April 8, 2020
Exodus 14:26-28 (NIV)
Then the Lord said to Moses, “Stretch out your hand over the sea so that the waters may flow back over the Egyptians and their chariots and horsemen.” 27 Moses stretched out his hand over the sea, and at daybreak the sea went back to its place. The Egyptians were fleeing toward it, and the Lord swept them into the sea. 28 The water flowed back and covered the chariots and horsemen—the entire army of Pharaoh that had followed the Israelites into the sea. Not one of them survived.
There is so much to deal with in all of these texts with Moses, Pharaoh, the Israelites, the Egyptians, the sea and the wind. It is so easy to get lost in the details; to become preoccupied with the faith of Moses, the fear of the Israelites, the hard-heartedness of Pharaoh and so on. We can draw lessons about fear, faith, obedience and rebellion until the cows come home. We can walk around the burning bush a thousand times, get a different life application each time, and still miss the whole point of the whole thing.
There is only one thing with which we must deal. This is not a story about Moses or Pharaoh or the Israelites or the Egyptians. It’s not a story about Abraham, Isaac and Jacob or Joseph. It is not a story about you or me. This is the story of God.
This story and these stories are meant to do one thing and one thing alone: to reveal the God of Heaven and Earth. I am convicted at just how easy it can be to deal with everything else in the text but God. It can all be so interesting and helpful and meaningful and yet stultifyingly trifling. Isn’t that a great word by the way—stultifyingly!
In today’s text we are drawn to the awe inspiring sovereignty of Almighty God. We see both the unity and integrity of God’s character in two very different expressions and outcomes that are really only one thing. We see the love of God on full display, delivering the Israelites through the Red Sea. And at the same time, we see the wrath of God, bringing the Egyptians to utter ruin and desolation. For my money, the most powerful words in today’s text are these: the Lord swept them into the sea. The same waters through which Israel was delivered proved to be the death of the Egyptians. The same God brings deliverance and doom through the same act at the same time. The love of God is the wrath of God. They cannot be separated or divided as they are seamless dimensions of the same whole.
Allow me to correct a common misconception at this point. People don’t like to deal with the idea of the wrath of God. This is largely so because they associate the concept of wrath with some angry man in their past. The wrath of God must not be equated with the anger of God as though wrath were some kind of divine emotional response. The wrath of God is simply the effect of his nature on all who are unprepared for his unmitigated presence. The wrath of God is what happens when the holy love of God encounters sin. They simply cannot coexist.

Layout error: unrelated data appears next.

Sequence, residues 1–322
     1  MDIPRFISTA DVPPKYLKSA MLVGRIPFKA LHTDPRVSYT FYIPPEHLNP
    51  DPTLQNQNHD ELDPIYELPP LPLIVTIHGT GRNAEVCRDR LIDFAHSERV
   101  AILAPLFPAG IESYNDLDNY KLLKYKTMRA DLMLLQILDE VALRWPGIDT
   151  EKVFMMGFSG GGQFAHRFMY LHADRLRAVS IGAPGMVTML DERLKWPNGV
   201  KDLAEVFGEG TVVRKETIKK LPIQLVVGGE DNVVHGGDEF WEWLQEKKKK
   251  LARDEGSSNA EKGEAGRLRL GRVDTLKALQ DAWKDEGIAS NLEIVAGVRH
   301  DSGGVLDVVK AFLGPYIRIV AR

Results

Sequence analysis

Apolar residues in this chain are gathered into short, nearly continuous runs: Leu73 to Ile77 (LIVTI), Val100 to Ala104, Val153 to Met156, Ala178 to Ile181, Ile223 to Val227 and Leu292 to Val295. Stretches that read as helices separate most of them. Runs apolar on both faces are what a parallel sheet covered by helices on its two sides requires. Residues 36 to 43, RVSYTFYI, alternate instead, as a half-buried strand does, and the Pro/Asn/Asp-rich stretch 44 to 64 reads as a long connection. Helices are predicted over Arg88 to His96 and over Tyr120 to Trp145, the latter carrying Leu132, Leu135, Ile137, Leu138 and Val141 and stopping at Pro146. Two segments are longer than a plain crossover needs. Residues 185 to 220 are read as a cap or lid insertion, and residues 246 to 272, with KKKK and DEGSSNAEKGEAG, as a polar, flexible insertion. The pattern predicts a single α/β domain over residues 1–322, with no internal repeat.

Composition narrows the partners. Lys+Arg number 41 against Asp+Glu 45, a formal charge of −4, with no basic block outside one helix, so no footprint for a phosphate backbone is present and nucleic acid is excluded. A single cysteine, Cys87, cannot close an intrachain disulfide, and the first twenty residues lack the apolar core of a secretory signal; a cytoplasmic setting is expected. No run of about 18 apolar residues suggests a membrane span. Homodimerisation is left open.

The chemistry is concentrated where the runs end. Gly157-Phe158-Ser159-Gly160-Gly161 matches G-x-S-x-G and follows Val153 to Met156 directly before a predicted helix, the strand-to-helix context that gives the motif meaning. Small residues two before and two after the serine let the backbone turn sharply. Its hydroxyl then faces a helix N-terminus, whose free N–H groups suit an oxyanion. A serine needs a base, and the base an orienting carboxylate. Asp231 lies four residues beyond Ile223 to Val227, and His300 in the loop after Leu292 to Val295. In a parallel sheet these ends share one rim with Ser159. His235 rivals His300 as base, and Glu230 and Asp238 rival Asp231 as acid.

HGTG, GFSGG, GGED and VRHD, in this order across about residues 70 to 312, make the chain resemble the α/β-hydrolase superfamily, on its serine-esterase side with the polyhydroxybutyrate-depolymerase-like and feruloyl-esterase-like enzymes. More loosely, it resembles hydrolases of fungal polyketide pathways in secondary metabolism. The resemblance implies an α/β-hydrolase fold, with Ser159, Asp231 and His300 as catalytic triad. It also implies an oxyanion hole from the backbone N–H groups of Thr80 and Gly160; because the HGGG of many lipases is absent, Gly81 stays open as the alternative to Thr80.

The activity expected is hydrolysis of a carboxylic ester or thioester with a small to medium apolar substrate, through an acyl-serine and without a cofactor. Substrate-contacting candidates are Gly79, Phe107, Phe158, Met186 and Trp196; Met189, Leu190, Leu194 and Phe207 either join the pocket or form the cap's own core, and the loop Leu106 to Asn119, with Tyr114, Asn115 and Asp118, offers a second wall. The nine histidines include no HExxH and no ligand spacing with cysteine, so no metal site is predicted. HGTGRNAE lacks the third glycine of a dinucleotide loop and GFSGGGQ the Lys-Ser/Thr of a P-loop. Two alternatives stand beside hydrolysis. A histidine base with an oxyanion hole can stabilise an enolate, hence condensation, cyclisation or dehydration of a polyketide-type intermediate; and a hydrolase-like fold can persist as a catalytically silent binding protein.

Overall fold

Consider the image of fire. Fire either burns or refines; it destroys or purifies. The outcome depends not on the nature of the fire but on the properties of the substance entering the flames. Straw will fare quite differently than steel. Interestingly, the writer of Hebrews reminds us, “for our ‘God is a consuming fire.'” Hebrews 12:20. It’s why earlier the same writer warns, “It is a dreadful thing to fall into the hands of the living God.” Hebrews 10:31
The wrath of God is effect of the holy love of God on sin.
It is why the Gospels all begin with John the Baptist preaching a baptism of repentance from sin, with the stark warning, “You brood of vipers! Who warned you to flee from the coming wrath?” Luke 3:7
Paul makes this profoundly clear in his letter to the Roman Christians:
The wrath of God is being revealed from heaven against all the godlessness and wickedness of people, who suppress the truth by their wickedness. Romans 1:18.
Paul goes on to make clear, “For all have sinned and fall short of the glory of God. Romans 3:23
And this sets the stage for the merciful miracle of the Gospel of Jesus Christ. Paul goes on with his proclamation:
But God demonstrates his own love for us in this: While we were still sinners, Christ died for us. Since we have now been justified by his blood, how much more shall we be saved from God’s wrath through him! Romans 5:8-9
And to the Corinthians he says it even more clearly:
We are therefore Christ’s ambassadors, as though God were making his appeal through us. We implore you on Christ’s behalf: Be reconciled to God. 21 God made him who had no sin to be sin for us, so that in him we might become the righteousness of God. 2 Corinthians 5:20-21.
At the Cross we simultaneously behold the great mystery of Christ—the wrath of God against sin and the love of God for sinners and we are saved.
From the parting of the sea to a hill far away our God reigns and his love endures forever.
People who say such things . . .
Father, I want to be a person who says such things. I want to see you, high and lifted up, holy and exalted, a consuming fire and yet a merciful Father. I want to behold you. Open the eyes of my heart, that I might see you. Lord Jesus Christ, son of God, have mercy on me a sinner. Lord Jesus Christ, son of God, have mercy on me, a son (a daughter). Lord Jesus Christ, son of God, have mercy on me, a saint. Come Holy Spirit, and train me to be such a person of faith. I pray in Jesus name, Amen.
What are your reflections on the wrath of God and the love of God being two dimensions of the same reality? Do you struggle with the wrath of God? Why or why not?
For the Awakening,